BRICKS caught up with the author to discuss her debut release.
Hey Catriona! How are you feeling about your debut novel release?
I’m not anxious about the more memoir-side of it, the parts that are about me. To me, that’s a lot more creative. The parts I’ve always been most anxious about [publishing] is the more political side of it, especially the parts about the justice system that really go into it and I’ve been anxious about how people will receive it. I think also, I don’t want to be heralded as some kind of survivor superstar or some sort of singular representative – that’s not what I want to happen but obviously, the nature of writing a full-length book on a topic can create that kind of environment. It’s like, every time something happens in the news [regarding rape culture], and being asked to comment on it.
How would you describe what the book is about, in your own words?
The book is an interlinked group of essays on surviving sexual violence. It’s from my perspective as a survivor of multiple instances of sexual violence, looking at the society of rape culture we live in and specifically rape culture in the UK, the way that we are affected by sexual violence and how that plays out in society. It also looks at the different groups affected by sexual violence and the way that different power structures in society are affected by this.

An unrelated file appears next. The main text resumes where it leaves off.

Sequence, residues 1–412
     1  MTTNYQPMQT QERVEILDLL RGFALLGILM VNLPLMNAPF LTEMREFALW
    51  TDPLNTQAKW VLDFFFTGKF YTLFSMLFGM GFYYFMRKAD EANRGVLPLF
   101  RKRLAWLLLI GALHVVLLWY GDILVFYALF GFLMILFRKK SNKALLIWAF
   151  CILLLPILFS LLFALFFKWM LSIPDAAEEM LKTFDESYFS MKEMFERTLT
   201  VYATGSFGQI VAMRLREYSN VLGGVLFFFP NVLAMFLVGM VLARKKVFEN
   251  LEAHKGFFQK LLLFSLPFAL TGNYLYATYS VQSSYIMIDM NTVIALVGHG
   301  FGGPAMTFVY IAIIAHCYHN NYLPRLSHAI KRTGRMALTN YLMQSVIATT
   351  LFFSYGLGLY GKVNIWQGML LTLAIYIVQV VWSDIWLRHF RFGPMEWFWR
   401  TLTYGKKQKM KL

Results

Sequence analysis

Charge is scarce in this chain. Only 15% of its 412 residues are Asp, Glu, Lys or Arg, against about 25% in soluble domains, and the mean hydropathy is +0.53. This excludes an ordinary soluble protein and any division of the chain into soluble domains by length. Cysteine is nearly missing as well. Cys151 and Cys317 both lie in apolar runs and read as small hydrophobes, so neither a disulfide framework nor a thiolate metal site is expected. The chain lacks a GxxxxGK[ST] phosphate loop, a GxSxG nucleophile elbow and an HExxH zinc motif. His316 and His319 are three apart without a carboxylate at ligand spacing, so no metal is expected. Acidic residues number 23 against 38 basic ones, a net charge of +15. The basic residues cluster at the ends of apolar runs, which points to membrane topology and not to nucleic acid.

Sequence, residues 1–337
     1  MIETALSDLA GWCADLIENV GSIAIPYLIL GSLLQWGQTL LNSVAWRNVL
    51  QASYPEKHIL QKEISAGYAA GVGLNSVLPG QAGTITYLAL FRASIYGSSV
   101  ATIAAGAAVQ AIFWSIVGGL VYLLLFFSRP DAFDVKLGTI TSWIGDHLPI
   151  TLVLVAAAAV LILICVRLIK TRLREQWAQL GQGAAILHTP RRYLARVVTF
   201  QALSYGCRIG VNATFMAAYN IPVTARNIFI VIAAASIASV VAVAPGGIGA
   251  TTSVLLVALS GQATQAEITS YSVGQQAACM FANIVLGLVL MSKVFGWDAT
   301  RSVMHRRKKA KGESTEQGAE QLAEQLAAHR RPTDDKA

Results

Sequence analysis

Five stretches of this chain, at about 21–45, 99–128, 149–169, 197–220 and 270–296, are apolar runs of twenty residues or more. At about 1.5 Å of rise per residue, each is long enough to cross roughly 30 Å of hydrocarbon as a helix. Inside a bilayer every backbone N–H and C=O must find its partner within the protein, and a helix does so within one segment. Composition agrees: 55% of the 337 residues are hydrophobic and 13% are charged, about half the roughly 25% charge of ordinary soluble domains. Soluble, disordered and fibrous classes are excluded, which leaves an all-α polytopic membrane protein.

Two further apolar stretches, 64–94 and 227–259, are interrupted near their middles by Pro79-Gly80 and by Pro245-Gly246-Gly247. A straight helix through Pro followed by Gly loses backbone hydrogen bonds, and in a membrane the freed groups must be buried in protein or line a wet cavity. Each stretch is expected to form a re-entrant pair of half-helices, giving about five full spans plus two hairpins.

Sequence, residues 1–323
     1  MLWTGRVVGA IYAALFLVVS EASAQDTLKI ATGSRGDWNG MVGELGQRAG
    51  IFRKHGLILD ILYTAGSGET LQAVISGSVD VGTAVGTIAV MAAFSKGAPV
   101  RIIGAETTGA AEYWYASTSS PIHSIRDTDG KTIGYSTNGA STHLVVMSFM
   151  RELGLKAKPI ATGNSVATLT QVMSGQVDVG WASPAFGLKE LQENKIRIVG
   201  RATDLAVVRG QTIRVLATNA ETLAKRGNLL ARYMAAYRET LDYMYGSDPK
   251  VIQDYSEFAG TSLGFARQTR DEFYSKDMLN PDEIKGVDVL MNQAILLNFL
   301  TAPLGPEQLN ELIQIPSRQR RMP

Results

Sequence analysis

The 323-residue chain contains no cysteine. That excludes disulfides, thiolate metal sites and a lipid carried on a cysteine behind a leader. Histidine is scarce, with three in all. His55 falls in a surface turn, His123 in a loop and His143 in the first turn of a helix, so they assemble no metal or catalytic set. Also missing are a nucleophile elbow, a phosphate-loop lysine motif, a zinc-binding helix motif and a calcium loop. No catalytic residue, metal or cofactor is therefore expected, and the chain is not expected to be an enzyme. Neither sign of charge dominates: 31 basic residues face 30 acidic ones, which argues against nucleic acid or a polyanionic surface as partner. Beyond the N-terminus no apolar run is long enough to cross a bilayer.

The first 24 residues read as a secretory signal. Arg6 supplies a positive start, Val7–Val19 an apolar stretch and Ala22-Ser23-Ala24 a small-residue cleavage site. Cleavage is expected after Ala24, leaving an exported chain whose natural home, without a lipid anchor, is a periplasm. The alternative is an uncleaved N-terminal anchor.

Rape culture in the UK is a huge issue, what was your entry point to tackling this topic?
About one-quarter of the book’s content is developed from older content that I had as I’ve been writing in journals and writing pieces on the topic over the years, so some of it is a combination of that. I had a pretty clear structure in my head that I definitely wanted to talk about, using the internal world of these experiences to then look out at how that was affecting society and culture. At the time I started, I was doing my masters in Gender and Critical Theory and so it’s always interested me. I actually started writing the heavier stuff first and this might be clear in the book. One of the longest chapters is on the criminal justice system and I got so engrossed in it. Then I also relied on my website and podcast Life Continues After, looking at what people have talked about and themes that would come up a lot.